Wednesday, December 12, 2012
This time of year especially, coughs seem to stick around forever. Here in Austin, the culprit may be seasonal allergies, but overall the major cause of persistent coughs is viral upper respiratory infections- from both simple "colds" and the big, bad flu. With these infections, after you get past the headaches, and stuffy nose part, you find yourself coughing- often up to SIX WEEKS after the initial illness. Sometimes it's a minor "clear your throat" type of cough, while other times, it's the crazy fits of coughing that keep you from sleeping.
Is there anything that can be done for a cough that wont go away? Yes, but a cough does NOT mean you definitely need an antibiotic- in fact, typically, you do NOT. However, a cough that is not managed with over the counter medicines should be addressed by your physician. Coughing all day long at school or work (or keeping up your spouse with coughing all night) is NOT a good plan!
What can your doctor do? First of all, she does need to rule out any secondary infection such as a pneumonia. If you are a week into your symptoms, and suddenly you feel a ton worse and develop a fever, this might be a bacterial infection setting up shop AFTER the virus cleared the way past your body's defenses. For this scenario, yes, you need an antibiotic. More commonly, though, you may have developed some over-reactive airways and may benefit from some inhalers or other asthma-style of medicines. A prescription cough syrup used at night may help with the nighttime exacerbations, and your doctor can remind you of some traditional home remedies such as cool mist humidifiers that may help. Finally, sometimes a cough comes from other sources, such as acid reflux or sinus drainage, which require different treatments.
BOTTOM LINE: See your doctor to evaluate coughs that get worse after a respiratory illness, or that wont go away- don't expect antibiotics, but know there are other treatment options!!
Tuesday, December 11, 2012
While everyone around you is humming Christmas songs, lighting their menorahs or making ski vacation plans , are you left feeling sad? Perhaps it's not the holiday blues, but SAD- Seasonal Affective Disorder. This depressive disorder was formally named only a few decades ago, in the 1980's. It affects over half a million people each winter, including some symptoms in up to a third of patients seeing their primary care physicians during this season.
Who gets seasonal affective disorder? It's most common in women (3:1 over males) and young adults 20-30 years old, but it is seen in across the board. January and February are the most common months that SAD is diagnosed.
What are the complaints? Often fatigue, weight gain and recurrent illness are the primary issues, rather than simply "sadness". The symptoms range from a mild case of "winter blues" to serious depression.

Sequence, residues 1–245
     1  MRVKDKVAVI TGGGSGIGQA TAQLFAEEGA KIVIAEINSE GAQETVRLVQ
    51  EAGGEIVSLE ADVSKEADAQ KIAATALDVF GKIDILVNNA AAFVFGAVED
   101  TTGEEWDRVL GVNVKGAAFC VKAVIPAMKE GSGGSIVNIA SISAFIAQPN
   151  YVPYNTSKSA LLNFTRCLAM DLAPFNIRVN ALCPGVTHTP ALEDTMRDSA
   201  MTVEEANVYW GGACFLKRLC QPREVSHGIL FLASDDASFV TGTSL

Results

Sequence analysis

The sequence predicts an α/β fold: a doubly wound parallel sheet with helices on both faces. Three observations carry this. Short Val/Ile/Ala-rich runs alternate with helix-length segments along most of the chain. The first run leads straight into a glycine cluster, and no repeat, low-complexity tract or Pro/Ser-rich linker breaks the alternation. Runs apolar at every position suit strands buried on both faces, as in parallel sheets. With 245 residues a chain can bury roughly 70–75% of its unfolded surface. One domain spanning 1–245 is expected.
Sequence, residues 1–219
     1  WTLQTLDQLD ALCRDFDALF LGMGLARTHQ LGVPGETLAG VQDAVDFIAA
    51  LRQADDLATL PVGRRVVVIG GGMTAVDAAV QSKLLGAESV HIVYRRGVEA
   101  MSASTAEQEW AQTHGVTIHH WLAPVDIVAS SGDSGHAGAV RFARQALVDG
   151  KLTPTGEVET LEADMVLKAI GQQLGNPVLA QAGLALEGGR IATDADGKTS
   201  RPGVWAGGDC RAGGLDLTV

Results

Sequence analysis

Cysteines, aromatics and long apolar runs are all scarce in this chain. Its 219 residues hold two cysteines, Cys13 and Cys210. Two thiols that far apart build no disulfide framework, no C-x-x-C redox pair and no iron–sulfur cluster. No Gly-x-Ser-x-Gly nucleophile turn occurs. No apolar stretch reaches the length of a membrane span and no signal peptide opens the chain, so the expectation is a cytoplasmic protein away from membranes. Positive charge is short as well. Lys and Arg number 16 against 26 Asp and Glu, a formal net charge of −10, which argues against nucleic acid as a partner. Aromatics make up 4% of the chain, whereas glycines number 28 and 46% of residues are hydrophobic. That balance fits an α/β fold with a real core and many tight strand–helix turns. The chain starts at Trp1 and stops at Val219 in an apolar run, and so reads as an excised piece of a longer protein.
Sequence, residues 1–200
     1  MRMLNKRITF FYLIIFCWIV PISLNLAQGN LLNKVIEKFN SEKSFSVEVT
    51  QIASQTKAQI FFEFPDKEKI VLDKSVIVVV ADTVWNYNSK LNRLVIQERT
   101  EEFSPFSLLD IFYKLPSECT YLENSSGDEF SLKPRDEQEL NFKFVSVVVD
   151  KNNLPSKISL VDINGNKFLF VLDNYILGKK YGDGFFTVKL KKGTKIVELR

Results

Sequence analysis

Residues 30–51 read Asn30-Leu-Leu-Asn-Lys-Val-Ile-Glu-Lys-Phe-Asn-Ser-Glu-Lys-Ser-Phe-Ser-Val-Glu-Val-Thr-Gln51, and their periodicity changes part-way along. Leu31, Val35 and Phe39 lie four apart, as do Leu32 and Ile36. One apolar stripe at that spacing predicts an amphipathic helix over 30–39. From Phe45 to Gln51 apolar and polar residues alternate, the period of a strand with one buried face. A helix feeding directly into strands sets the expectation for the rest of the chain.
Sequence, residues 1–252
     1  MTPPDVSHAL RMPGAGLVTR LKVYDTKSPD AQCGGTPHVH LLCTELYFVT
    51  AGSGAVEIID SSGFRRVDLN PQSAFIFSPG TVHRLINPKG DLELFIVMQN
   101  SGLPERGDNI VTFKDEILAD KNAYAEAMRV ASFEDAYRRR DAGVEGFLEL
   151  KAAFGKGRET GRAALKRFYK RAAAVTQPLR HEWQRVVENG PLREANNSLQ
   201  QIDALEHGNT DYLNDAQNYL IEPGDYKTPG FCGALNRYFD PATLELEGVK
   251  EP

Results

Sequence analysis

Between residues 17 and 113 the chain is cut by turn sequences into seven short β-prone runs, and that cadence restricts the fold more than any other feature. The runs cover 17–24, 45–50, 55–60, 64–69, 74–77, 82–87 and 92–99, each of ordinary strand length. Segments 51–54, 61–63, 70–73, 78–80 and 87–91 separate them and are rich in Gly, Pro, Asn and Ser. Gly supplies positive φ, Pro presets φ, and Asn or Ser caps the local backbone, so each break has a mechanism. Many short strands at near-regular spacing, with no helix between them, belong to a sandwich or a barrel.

What is the cause? There are different theories, most of which are linked to hours of sunlight. There is disruption in our circadian rhythms as well as decreased seratonin secretion during winter months, and of course, less Sunshine vitamin (Vitamin D).
Prevention? Light therapy (using full spectrum light bulbs in your home and work) or consciously spending more time outside in the sunlight can help prevent S.A.D. Of course, moving to a more southern location can help, especially if you are far north, but that is not typically feasible for most people.
Treatment? Light therapy is the treatment of choice. Anti-depressant medications (Buproprion is the only one FDA indicated, but SSRI's such as prozac are also used), and Vitamin D replacement (if low) have also shown effectiveness in improving symptoms.
What is "light therapy"? Light therapy aims to artificially increase your exposure to light during the time of year when our natural daylight is limited. Typically light therapy is performed by sitting in front of a light therapy box, which simply gives off bright light that is similar to natural outdoor daylight (rather than standard light bulbs). During the session, the person may read, write or even eat- he or she does not need to focus on the light. Although most people with SAD will require the therapeutic intensity of a light therapy box, many people with mild symptoms will respond to simple full spectrum light bulbs replacing their normal light sources at home.
Does light therapy work for other depressive disorders? Maybe. More studies are needed as we try to find depression treatments that do not carry large side effect profiles, and light therapy is a perfect example. One such study (Controlled trial of safety and efficacy of bright light therapy vs. negative air ions in patients with bipolar depression) published this year started looking at the effects of light therapy in bipolar disorder, but this small study (44 patients) did not yield statistically significant differences. However, bright light therapy has been effectively used to improve symptoms in chronic depression, post-partum depression (baby blues), premenstrual depression (PMS) and in disorders in the sleep cycle.